By JACK DURA, The Bismarck Tribune
BISMARCK, ND (AP) — Sheri Haugen-Hoffart remembers thinking how sad it would be if some headstones at the North Dakota Veterans Cemetery didn’t receive a wreath this Christmas.
In her car years ago, listening to a radio show on Wreaths Across America, she was determined to get involved.
“It’s important to show respect to these veterans who proudly served for us and fought for the rights we have,” the Rugby native said.
Her grandfather was a disabled World War I veteran and she has other relatives who also served.
“It’s a passion of mine to honor these veterans,” she said.
At the time, in 2013, she headed the Bismarck Mandan EDC House Military Affairs Committee, and she introduced the annual crown memorial to the board as something to undertake.
With permission granted, “I picked up the phone and started calling organizations and individuals I knew and asking them to donate to this worthy cause,” Haugen-Hoffart said.
Maine-based Wreaths Across America is raising money to lay wreaths at veterans’ graves.
The cemetery south of Mandan has had wreaths laid on every grave since 2013 – an annual feat accomplished in as little as 15 minutes. This is due to a strong volunteer turnout, reported The Bismarck Tribune.
Civil Air Patrol’s Bismarck Composite Squadron is hosting the event. This year, every grave will again have a wreath – over 7,700, thanks to sponsors, many of them families.
The 15th annual event is a return to the traditional format and ceremony after changes to avoid a large gathering in 2020 due to the coronavirus pandemic. The only difference from tradition will be an addition to honor the US Space Force, created in 2019, according to Squadron Lt. Col. Kevin Iverson.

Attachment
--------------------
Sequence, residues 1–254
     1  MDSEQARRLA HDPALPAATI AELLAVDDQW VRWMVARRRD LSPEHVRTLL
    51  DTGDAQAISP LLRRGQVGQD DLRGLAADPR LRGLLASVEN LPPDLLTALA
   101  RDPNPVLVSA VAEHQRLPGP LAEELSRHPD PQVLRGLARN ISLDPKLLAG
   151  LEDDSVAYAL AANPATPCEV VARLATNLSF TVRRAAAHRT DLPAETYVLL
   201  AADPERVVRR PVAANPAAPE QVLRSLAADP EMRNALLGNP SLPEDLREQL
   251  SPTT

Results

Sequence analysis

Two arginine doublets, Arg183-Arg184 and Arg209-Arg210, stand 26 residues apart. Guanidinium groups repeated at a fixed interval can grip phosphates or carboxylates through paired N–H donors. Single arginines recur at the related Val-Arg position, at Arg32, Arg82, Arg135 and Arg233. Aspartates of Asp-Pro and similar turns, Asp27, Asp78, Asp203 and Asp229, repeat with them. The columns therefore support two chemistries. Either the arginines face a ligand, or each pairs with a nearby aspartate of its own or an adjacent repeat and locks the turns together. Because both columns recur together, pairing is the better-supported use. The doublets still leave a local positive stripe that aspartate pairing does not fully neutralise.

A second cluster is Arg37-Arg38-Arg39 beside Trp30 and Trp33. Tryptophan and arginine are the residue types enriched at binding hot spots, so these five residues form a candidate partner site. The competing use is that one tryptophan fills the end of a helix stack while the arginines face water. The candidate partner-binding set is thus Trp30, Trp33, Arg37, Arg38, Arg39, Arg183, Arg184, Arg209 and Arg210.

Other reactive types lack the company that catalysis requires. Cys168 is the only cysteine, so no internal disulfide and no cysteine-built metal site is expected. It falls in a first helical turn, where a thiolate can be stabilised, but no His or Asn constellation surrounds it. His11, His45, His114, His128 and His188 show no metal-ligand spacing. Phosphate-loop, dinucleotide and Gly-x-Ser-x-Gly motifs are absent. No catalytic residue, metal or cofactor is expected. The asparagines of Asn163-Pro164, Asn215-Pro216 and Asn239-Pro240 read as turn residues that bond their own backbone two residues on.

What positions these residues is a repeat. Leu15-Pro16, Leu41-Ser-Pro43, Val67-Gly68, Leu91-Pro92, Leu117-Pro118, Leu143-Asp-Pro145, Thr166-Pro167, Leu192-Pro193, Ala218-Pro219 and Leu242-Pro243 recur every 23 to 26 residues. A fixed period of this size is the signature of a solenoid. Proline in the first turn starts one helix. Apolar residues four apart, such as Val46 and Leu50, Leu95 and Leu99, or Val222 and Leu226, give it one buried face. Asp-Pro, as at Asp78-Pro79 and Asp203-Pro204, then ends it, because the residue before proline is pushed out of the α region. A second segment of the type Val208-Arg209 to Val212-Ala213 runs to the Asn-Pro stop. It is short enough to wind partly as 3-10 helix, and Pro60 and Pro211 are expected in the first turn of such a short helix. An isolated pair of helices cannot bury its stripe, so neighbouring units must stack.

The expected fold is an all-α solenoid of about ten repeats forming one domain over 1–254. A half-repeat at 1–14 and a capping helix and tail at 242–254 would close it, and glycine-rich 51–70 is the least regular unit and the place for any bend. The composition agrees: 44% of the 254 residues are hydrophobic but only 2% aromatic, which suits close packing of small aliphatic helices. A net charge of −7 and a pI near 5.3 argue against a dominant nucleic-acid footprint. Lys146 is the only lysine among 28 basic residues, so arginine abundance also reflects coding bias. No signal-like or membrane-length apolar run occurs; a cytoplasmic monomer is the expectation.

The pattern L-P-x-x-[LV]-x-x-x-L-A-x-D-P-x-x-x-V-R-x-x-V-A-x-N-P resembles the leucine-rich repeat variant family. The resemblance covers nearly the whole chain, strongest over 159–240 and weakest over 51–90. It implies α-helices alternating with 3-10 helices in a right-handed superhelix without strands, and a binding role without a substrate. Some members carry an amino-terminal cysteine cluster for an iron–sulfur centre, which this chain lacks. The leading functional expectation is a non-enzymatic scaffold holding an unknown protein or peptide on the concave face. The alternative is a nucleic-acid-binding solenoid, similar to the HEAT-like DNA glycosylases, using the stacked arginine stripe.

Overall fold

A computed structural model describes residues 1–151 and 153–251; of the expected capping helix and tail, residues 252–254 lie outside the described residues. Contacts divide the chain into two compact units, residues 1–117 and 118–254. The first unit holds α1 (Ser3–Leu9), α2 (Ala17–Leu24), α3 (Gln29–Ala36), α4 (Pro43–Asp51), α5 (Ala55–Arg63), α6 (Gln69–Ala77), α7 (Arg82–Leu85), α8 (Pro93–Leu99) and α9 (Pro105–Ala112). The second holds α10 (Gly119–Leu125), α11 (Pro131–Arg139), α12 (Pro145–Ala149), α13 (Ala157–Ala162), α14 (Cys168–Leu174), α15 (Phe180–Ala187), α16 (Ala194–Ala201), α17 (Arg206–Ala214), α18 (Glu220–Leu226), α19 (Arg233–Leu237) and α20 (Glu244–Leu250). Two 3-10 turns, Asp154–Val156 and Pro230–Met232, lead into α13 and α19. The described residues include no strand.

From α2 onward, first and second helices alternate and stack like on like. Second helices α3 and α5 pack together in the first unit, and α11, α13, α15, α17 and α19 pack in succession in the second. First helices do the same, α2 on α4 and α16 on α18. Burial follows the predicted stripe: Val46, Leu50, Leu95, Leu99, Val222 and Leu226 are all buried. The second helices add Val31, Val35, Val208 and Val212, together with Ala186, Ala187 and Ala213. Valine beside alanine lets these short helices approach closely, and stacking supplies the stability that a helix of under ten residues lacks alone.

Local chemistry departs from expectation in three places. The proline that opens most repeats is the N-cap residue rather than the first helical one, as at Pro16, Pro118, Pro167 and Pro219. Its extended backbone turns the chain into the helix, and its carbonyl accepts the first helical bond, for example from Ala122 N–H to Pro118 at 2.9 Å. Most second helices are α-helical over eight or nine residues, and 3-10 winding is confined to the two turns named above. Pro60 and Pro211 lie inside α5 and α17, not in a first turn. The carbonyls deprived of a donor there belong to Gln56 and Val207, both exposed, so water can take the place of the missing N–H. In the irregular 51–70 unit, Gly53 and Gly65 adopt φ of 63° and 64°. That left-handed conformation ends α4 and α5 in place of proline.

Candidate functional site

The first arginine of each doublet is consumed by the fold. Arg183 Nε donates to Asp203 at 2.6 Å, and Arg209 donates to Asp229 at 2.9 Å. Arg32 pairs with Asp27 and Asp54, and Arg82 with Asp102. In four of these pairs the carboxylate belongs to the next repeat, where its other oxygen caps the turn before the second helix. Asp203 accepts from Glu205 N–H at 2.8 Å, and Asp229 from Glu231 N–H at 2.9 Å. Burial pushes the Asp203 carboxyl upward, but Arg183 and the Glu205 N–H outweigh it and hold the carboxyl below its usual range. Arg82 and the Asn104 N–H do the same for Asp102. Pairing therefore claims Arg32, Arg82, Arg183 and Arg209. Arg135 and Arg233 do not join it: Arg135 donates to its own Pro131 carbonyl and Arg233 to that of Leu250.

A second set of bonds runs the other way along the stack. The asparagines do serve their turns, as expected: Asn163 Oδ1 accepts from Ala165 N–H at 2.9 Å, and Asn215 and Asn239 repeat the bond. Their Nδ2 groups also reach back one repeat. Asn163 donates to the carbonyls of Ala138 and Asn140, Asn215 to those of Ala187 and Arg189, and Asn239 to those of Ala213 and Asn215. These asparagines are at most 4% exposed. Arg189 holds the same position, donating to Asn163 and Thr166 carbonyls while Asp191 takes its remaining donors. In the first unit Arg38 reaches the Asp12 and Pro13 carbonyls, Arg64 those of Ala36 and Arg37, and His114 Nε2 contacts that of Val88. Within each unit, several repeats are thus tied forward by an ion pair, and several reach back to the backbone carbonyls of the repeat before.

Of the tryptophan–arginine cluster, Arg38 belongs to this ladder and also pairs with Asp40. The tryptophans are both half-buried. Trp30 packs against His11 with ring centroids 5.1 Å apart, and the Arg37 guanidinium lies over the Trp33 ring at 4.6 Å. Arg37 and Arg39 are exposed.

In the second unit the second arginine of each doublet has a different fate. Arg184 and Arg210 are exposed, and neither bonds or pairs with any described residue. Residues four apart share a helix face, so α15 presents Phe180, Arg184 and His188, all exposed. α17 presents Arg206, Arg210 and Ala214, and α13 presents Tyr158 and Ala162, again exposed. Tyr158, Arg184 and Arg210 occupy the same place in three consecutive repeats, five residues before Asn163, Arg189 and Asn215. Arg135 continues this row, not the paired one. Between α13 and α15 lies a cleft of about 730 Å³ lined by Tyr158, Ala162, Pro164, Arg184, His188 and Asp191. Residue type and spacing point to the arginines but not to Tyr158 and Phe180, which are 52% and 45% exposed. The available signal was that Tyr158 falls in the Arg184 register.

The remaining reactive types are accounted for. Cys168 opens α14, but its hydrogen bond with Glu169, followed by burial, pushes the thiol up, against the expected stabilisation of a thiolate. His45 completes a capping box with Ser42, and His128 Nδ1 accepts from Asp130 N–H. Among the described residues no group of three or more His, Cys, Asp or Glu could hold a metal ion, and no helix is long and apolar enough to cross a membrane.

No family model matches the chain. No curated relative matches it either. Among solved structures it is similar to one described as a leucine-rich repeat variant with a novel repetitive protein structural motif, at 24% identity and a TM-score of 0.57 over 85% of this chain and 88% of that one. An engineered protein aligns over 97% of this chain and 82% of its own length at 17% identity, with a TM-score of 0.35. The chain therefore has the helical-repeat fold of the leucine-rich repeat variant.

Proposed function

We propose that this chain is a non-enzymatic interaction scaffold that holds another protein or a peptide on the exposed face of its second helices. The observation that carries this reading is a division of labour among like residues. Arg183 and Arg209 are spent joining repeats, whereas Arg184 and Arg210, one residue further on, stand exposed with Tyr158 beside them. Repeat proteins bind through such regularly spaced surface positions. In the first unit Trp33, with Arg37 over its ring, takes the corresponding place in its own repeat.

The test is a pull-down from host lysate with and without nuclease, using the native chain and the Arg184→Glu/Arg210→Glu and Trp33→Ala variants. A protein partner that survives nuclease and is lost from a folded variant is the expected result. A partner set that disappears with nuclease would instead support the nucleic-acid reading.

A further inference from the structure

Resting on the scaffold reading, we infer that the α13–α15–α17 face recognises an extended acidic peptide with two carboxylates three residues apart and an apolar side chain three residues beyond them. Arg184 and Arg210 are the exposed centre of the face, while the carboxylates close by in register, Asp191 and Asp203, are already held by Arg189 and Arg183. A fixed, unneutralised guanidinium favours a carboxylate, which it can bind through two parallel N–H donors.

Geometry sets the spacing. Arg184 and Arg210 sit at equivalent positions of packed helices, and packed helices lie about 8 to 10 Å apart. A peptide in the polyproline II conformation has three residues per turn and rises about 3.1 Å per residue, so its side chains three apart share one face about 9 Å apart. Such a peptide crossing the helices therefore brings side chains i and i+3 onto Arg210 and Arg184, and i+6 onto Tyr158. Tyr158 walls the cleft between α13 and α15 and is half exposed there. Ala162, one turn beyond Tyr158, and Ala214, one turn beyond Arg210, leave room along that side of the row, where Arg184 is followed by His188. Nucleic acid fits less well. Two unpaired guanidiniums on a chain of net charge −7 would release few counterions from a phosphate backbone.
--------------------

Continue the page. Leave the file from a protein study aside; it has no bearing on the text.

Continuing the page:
“We’re trying to figure out exactly how we’re going to deal with this,” he said.
He is happy that the traditional method is back.
“It’s a good event. It’s outside. We are not indoors so the risk of COVID is quite low. There’s a lot of room there for a lot of people,” Iverson said.
Considering the thousands of crowns to be dropped, “it’s really great to have the public involved in this,” he said.
Cemetery director Pamela Helbling-Schafer said the event’s popularity and significance were intertwined.
“It’s just one more thing the public can do to, #1, pay tribute, and #2, participate in helping our region help our veterans and their families,” he said. she declared.
Volunteers can help remove the wreaths on January 22.
Iverson hopes the Northern Plains weather cooperates, especially with no fallback date given that Christmas is the following weekend.
Haugen-Hoffart, who plans to help place wreaths, encourages people to donate to other veterans’ organizations as well, such as those that support veterans with post-traumatic stress disorder or disabilities or who are homeless.
“All need attention and honor, respect,” she said.